The High Cost of Winning

Originally published in Issue IV of the St Andrews Economist

By: James McNamara

Playing host to the world’s legends has always been the pinnacle of sporting pride for any nation. But aside from all the grandeur, how do these major events really impact a region’s economy? The short answer: it is virtually impossible to accurately measure return on investment, though there is no doubt the cost is high.

A cool $50 billion was lavished on Sochi 2014 by Vladimir Putin’s government, making it the most expensive Olympic winter games in history, and far above the initial predicted cost of $12 billion. While the total amount represents only 2% of Russia’s GDP, there’s no denying the risk in the investment. Of the $50 billion, $6.4 billion was spent on ‘sports related costs’ and $43.6 billion was spent on infrastructure improvements.  What are the benefits of such high price tags?

Short term spikes in tourism and direct revenues streams such as broadcasting from such events can be counted fairly easily. However, the long-run social-economic benefits are usually too abstract to attach a monetary value.  Furthermore, there are also doubts about the benefits from regional infrastructure investment in the long run. A substantial proportion of large sporting events’ cost is solely attributed to improving sports infrastructure that, in the future, yields minimal perks for the overall economy.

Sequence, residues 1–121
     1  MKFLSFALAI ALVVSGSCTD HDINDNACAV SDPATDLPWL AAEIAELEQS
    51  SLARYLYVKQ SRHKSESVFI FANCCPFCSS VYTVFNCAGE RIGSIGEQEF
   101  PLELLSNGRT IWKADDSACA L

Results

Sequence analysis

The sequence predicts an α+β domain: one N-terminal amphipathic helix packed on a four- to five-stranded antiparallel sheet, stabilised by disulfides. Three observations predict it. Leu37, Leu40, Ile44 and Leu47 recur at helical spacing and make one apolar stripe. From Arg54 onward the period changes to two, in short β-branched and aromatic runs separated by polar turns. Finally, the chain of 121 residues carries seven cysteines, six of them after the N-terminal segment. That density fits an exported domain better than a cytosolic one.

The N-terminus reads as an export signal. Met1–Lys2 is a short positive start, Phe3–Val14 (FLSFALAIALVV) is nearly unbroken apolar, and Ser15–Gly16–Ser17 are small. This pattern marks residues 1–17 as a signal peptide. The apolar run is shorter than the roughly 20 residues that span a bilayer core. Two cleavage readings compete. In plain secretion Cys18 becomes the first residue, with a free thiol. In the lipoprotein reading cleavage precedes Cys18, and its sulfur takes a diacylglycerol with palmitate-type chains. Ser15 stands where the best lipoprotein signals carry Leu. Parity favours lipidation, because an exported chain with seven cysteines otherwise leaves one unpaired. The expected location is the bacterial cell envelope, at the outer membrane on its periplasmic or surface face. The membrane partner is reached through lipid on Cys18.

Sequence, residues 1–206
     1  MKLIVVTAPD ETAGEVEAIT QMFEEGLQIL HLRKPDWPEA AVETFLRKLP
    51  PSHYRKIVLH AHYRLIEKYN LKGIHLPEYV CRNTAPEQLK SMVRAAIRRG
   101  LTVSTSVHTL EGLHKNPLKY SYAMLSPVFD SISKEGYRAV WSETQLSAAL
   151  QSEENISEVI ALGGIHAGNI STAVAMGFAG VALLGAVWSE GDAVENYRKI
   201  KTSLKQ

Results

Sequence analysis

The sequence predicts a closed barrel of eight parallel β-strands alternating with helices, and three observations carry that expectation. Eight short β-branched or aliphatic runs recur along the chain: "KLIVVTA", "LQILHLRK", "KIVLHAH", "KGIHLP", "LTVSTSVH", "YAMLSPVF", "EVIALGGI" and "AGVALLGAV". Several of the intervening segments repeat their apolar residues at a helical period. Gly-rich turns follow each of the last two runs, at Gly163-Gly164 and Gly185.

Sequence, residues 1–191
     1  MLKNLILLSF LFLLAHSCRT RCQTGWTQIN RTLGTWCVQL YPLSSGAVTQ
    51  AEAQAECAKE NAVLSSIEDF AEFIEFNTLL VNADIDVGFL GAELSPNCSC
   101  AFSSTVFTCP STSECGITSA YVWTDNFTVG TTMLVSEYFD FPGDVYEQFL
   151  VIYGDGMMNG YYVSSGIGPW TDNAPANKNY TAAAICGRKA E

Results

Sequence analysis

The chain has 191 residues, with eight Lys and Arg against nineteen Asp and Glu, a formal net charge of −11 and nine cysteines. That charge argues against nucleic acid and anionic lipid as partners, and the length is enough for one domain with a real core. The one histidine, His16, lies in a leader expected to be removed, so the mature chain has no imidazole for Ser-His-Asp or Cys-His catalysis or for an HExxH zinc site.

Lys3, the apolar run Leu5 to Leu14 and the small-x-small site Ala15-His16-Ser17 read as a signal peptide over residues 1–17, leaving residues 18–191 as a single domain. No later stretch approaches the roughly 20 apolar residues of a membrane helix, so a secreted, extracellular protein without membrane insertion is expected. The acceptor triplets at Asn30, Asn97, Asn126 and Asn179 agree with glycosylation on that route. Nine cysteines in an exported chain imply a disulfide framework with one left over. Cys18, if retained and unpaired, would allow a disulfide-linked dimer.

In the case of Sochi, the Russian government claims that 400 new public buildings and infrastructural elements, such as utility systems, roads and residential buildings, will continue to bring benefit to Russians, particularly in the Sochi area, for many years to come. While Sochi may see a lasting boost in tourism and will undoubtedly benefit from the improved infrastructure, most economists, such as the rating agency Moody’s, predict that the Games will have at best a neutral effect on Russia overall.

Given these vagaries, it is no surprise that only advanced, developed economies are typically able to sustain this degree of financial burden – all but four Olympics of the last century were hosted by such places.  Examples of success do exist such as London 2012 though it was not without its price of nearly £9 billion, much of which was claimed by development of the Olympic stadium. However, London 2012 was efficiently carried out into an already prosperous, globally renowned, modern infrastructural hub. An initial economic projection by Lloyds TSB estimated a boost of £16 billion to the London economy over the next 20 years. The British government contends these benefits are already occurring, to the tune of a £9.9 billion boost in trade and investment since 2012.

In Scotland, excitement grows as we approach the Commonwealth games this summer, hosted in Glasgow. With a budget of just over £500m, this comparatively modest injection could be a prudent investment to stimulate sustained growth and development for the city.  The Scottish government projects the benefits from improvements in infrastructure and associated transport networks will total £1billion and create nearly 1,200 jobs across Scotland. Not to mention national pride for all of Scotland.

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